Air pollution has long been linked to negative effects on human health, including respiratory and cardiovascular issues. However, new research suggests that air pollution may also have significant impacts on the brain. Studies have shown that exposure to air pollution can lead to cognitive decline, decreased brain function, and even structural changes in the brain.
One of the main ways that air pollution affects the brain is through its impact on the cardiovascular system. Fine particulate matter and other pollutants can cause inflammation in the blood vessels, leading to decreased blood flow to the brain. This can lead to cognitive decline, particularly in older adults and individuals with existing cardiovascular issues.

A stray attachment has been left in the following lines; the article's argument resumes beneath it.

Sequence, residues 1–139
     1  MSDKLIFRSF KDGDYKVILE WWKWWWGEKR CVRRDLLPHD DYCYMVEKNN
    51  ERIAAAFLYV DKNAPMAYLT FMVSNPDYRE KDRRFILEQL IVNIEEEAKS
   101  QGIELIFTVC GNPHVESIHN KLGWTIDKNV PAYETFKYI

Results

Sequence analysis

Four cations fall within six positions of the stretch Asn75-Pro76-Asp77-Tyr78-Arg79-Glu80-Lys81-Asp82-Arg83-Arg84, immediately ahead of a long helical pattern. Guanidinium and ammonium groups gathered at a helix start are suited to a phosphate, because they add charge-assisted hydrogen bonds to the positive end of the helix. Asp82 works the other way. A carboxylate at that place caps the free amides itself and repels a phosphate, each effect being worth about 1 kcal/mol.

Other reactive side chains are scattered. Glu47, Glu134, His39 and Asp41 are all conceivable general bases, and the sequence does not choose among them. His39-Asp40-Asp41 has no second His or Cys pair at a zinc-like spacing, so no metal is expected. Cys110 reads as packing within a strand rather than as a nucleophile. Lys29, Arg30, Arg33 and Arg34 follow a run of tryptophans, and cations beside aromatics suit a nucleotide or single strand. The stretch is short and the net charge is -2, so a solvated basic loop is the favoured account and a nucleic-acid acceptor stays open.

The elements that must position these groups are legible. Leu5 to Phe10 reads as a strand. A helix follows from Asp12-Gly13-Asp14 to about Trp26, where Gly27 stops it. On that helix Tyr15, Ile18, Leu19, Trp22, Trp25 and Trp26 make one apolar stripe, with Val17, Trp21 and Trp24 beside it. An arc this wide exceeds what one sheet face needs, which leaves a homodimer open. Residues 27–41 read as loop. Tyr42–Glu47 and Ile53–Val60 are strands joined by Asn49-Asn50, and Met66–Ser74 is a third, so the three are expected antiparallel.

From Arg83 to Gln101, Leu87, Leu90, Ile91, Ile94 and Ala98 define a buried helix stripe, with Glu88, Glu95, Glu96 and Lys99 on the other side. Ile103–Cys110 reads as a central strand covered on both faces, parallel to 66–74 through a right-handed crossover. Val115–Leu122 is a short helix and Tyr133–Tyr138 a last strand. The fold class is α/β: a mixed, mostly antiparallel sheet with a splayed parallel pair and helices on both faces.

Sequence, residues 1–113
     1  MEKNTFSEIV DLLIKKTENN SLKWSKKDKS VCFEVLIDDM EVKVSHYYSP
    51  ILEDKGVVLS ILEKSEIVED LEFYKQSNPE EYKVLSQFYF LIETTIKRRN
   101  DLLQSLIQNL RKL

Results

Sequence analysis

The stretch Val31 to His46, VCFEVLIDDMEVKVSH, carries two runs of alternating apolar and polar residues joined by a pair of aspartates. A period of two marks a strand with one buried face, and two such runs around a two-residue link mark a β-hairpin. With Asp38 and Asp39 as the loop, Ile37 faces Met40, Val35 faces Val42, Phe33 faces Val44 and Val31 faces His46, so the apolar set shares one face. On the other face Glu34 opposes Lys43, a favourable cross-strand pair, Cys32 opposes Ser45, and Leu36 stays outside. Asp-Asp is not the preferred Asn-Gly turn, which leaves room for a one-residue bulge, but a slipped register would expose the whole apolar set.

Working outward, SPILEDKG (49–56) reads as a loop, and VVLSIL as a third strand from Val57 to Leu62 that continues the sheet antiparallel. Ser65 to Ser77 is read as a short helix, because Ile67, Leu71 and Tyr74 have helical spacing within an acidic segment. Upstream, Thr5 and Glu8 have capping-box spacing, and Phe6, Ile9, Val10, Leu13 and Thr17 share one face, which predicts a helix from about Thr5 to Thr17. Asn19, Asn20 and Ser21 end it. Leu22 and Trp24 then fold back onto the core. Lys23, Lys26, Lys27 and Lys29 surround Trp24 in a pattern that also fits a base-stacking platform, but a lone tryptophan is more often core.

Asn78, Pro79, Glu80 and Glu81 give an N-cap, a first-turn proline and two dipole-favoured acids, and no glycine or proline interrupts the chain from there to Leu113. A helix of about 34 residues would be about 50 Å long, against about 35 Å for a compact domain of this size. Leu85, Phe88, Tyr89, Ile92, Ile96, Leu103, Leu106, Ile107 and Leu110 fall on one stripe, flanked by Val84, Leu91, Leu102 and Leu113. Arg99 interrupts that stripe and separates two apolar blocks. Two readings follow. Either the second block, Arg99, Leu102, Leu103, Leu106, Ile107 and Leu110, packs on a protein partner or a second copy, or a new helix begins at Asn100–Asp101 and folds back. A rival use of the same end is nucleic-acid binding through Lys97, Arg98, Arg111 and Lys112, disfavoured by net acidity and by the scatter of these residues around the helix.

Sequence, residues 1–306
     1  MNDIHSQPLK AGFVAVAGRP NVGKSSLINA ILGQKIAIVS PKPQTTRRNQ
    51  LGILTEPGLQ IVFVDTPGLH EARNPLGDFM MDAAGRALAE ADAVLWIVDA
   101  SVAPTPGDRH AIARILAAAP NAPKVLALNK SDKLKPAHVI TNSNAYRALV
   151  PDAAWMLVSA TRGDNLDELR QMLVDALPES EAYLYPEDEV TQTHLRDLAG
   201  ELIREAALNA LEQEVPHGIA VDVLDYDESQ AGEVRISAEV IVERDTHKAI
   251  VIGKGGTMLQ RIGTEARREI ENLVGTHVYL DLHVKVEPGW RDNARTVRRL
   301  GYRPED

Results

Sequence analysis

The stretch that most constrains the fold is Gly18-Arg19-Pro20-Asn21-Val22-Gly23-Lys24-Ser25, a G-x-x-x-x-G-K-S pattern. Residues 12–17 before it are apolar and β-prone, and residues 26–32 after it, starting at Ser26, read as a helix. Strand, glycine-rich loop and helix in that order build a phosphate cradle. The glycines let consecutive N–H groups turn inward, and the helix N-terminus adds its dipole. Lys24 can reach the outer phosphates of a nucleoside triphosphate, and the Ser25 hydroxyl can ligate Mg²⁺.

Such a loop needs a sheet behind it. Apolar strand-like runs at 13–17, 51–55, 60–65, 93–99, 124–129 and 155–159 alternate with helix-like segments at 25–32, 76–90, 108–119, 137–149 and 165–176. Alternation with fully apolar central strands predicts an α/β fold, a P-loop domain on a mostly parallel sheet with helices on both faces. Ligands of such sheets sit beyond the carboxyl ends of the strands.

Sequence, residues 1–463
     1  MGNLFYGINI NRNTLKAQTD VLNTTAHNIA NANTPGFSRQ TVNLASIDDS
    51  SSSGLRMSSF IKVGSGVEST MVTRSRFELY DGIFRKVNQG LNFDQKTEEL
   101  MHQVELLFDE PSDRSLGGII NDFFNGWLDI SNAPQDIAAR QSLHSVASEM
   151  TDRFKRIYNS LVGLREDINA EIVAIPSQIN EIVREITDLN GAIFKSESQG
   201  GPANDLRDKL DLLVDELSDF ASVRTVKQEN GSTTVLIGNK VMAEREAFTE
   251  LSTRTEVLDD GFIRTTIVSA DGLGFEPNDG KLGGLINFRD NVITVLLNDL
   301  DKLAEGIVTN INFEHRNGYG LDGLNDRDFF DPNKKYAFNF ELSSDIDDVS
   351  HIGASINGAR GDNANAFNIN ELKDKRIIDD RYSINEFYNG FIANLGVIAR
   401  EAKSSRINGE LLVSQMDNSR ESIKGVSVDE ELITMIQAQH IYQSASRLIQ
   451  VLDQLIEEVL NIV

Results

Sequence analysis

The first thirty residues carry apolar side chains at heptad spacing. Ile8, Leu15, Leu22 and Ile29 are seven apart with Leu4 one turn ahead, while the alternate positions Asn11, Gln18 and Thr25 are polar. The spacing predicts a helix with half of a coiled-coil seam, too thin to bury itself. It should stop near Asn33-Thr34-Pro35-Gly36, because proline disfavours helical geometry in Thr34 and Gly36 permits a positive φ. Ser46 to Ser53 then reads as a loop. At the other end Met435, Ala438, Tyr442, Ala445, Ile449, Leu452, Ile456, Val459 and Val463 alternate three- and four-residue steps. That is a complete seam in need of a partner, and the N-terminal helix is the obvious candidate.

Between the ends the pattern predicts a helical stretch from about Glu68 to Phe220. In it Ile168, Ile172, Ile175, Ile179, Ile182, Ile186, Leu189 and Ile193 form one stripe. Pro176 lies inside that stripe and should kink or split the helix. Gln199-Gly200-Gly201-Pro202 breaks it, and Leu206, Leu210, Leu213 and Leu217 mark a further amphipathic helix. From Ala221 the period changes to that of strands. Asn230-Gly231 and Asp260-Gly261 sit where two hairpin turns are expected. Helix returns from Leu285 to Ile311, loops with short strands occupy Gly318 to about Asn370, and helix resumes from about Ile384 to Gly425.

But a new study has found other concerning aspects as well, claiming that even short-term exposure to air pollution can have some effects on our brains.
A few hours of pollution can be enough
New research has unveiled that a mere two hours of exposure to diesel exhaust can lead to a decrease in the functional connectivity of our brains by interfering with the ability of different areas of the brain to interact and communicate with one another, as Devdiscourse reveals.
The research team exposed 25 healthy adults to diesel exhaust and filtered air in a laboratory setting and measured their brain activity before and after each exposure.
Dr. Chris Carlsten, who is a professor at the Canada Research Chair, stated as the same publication mentioned above quotes:
For many decades, scientists thought the brain may be protected from the harmful effects of air pollution,
This study, which is the first of its kind in the world, provides fresh evidence supporting a connection between air pollution and cognition.
The study, which was the first of its kind to use functional magnetic resonance imaging (fMRI) in a controlled experiment, was published in the journal Environmental Health.